The treatment of a heart attack depends on how stable the person's condition is and his or her immediate risk of death. Usually, the doctor will give the patient an aspirin and often other medicines that help prevent unwanted blood clotting in the coronary arteries.
The person also will be given oxygen to breathe, pain medication (usually morphine) for chest pain, beta-blockers to reduce the heart's demand for oxygen, nitroglycerin to help blood flow into heart muscle cells, and aspirin to prevent blood clotting. The person may be started on heparin in addition to aspirin for more potent anti-clotting action.
While in the hospital, patients often are given daily beta-blockers, ACE (angiotensin-converting enzyme) inhibitors, which help the heart work more efficiently, primarily by lowering blood pressure, and aspirin. Most heart attack patients also are given a prescription for a cholesterol-lowering medication.
If the diagnosis of heart attack is certain, then the patient will be considered for reperfusion therapy. The goal is to restore blood flow to the injured heart muscle as soon as possible to limit permanent damage.
Reperfusion is best done mechanically. The patient is taken to the cardiac catheterization laboratory in the hospital and a catheter is threaded through a large blood vessel toward the heart. Dye is injected to locate the blockage in the coronary artery.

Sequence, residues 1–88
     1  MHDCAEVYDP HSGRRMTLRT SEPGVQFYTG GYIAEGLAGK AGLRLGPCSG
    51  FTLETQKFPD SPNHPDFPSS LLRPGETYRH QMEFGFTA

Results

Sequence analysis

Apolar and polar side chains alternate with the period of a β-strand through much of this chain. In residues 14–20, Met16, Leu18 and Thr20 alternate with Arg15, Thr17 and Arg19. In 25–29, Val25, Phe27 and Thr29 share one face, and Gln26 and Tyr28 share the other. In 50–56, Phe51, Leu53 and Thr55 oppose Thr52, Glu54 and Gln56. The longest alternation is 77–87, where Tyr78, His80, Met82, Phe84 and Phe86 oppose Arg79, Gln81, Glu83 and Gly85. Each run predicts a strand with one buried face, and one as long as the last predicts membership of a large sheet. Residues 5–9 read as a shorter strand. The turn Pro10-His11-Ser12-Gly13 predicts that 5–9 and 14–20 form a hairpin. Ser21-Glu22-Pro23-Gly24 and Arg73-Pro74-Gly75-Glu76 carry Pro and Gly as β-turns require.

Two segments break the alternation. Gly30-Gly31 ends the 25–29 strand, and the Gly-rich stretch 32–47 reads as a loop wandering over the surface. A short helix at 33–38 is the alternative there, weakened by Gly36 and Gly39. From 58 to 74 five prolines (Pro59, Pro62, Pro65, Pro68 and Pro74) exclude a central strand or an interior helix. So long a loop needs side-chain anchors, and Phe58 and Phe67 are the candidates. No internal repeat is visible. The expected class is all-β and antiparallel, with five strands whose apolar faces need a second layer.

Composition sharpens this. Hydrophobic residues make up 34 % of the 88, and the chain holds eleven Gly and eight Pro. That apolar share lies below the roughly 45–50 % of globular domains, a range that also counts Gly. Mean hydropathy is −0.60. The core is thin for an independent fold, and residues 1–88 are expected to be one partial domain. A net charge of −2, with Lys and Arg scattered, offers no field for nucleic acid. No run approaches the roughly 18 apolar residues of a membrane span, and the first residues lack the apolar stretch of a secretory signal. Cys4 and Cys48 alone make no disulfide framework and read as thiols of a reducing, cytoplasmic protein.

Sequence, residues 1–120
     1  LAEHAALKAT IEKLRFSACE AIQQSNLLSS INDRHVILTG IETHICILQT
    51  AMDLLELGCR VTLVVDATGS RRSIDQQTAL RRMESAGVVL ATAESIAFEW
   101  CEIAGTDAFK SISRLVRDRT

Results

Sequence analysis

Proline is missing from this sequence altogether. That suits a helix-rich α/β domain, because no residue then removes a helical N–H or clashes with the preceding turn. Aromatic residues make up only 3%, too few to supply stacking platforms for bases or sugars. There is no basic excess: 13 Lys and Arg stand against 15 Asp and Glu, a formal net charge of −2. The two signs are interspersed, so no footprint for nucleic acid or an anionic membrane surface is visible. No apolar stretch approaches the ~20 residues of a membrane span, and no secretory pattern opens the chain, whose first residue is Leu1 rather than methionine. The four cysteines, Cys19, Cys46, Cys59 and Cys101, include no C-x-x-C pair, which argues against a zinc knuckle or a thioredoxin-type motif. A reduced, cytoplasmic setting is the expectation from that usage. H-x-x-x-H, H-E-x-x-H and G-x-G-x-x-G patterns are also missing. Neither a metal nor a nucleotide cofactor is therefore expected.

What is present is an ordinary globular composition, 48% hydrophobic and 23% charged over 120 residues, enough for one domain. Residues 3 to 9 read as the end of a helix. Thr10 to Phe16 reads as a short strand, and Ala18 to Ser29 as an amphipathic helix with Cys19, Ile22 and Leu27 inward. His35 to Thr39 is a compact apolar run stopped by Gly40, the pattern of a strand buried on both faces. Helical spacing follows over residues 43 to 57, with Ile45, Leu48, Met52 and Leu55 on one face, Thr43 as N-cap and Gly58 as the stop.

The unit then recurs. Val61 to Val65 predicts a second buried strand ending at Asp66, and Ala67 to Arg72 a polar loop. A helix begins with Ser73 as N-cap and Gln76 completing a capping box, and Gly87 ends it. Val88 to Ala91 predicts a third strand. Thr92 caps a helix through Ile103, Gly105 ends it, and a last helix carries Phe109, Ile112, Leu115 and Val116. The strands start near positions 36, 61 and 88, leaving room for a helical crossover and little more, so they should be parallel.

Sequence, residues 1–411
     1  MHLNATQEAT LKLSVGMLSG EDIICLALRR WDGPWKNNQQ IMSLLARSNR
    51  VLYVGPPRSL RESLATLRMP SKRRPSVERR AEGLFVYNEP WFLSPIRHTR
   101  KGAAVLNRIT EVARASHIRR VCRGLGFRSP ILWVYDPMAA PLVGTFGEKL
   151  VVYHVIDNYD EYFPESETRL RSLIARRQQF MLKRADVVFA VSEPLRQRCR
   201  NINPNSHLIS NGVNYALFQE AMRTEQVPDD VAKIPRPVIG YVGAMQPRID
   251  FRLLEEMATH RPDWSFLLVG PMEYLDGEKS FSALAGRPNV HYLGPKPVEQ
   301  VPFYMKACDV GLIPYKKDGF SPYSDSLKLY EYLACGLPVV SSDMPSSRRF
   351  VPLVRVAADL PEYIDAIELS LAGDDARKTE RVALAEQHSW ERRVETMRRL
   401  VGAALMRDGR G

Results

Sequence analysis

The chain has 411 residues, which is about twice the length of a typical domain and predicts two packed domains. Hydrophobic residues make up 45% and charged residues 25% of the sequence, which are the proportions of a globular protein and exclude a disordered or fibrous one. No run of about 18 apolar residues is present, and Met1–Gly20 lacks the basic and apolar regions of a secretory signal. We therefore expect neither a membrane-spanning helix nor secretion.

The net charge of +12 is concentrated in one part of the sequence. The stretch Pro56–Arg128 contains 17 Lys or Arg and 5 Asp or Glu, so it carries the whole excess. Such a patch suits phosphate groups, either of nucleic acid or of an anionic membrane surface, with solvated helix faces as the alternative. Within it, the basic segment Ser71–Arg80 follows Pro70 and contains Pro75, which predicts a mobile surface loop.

The next step is percutaneous transluminal coronary angioplasty (PTCA). In PTCA, a different catheter that has a small deflated balloon is threaded past the blockage, and the balloon is inflated to crush the clot and plaque. Most balloon catheters also have a wire mesh, called a stent, over the balloon. After the balloon is inflated to unclog the blocked artery, the stent remains in place to keep the artery open.
In addition to aspirin, a second anti-platelet drug is given. The ones used most commonly are clopidogrel (Plavix, generic versions), prasugrel (Effient) and ticagrelor (Brilinta).
Reperfusion therapy can also be done with clot-dissolving drugs called thrombolytic agents, such as tissue plasminogen activator (tPA). This drug is used if it would take too long to transfer a patient to a hospital where an angioplasty could be performed.
Much of the additional treatment for heart attack depends on whether the patient developed any complications. For example, additional drugs may be needed to treat dangerous cardiac arrhythmias (abnormal heartbeats), low blood pressure, and congestive heart failure.
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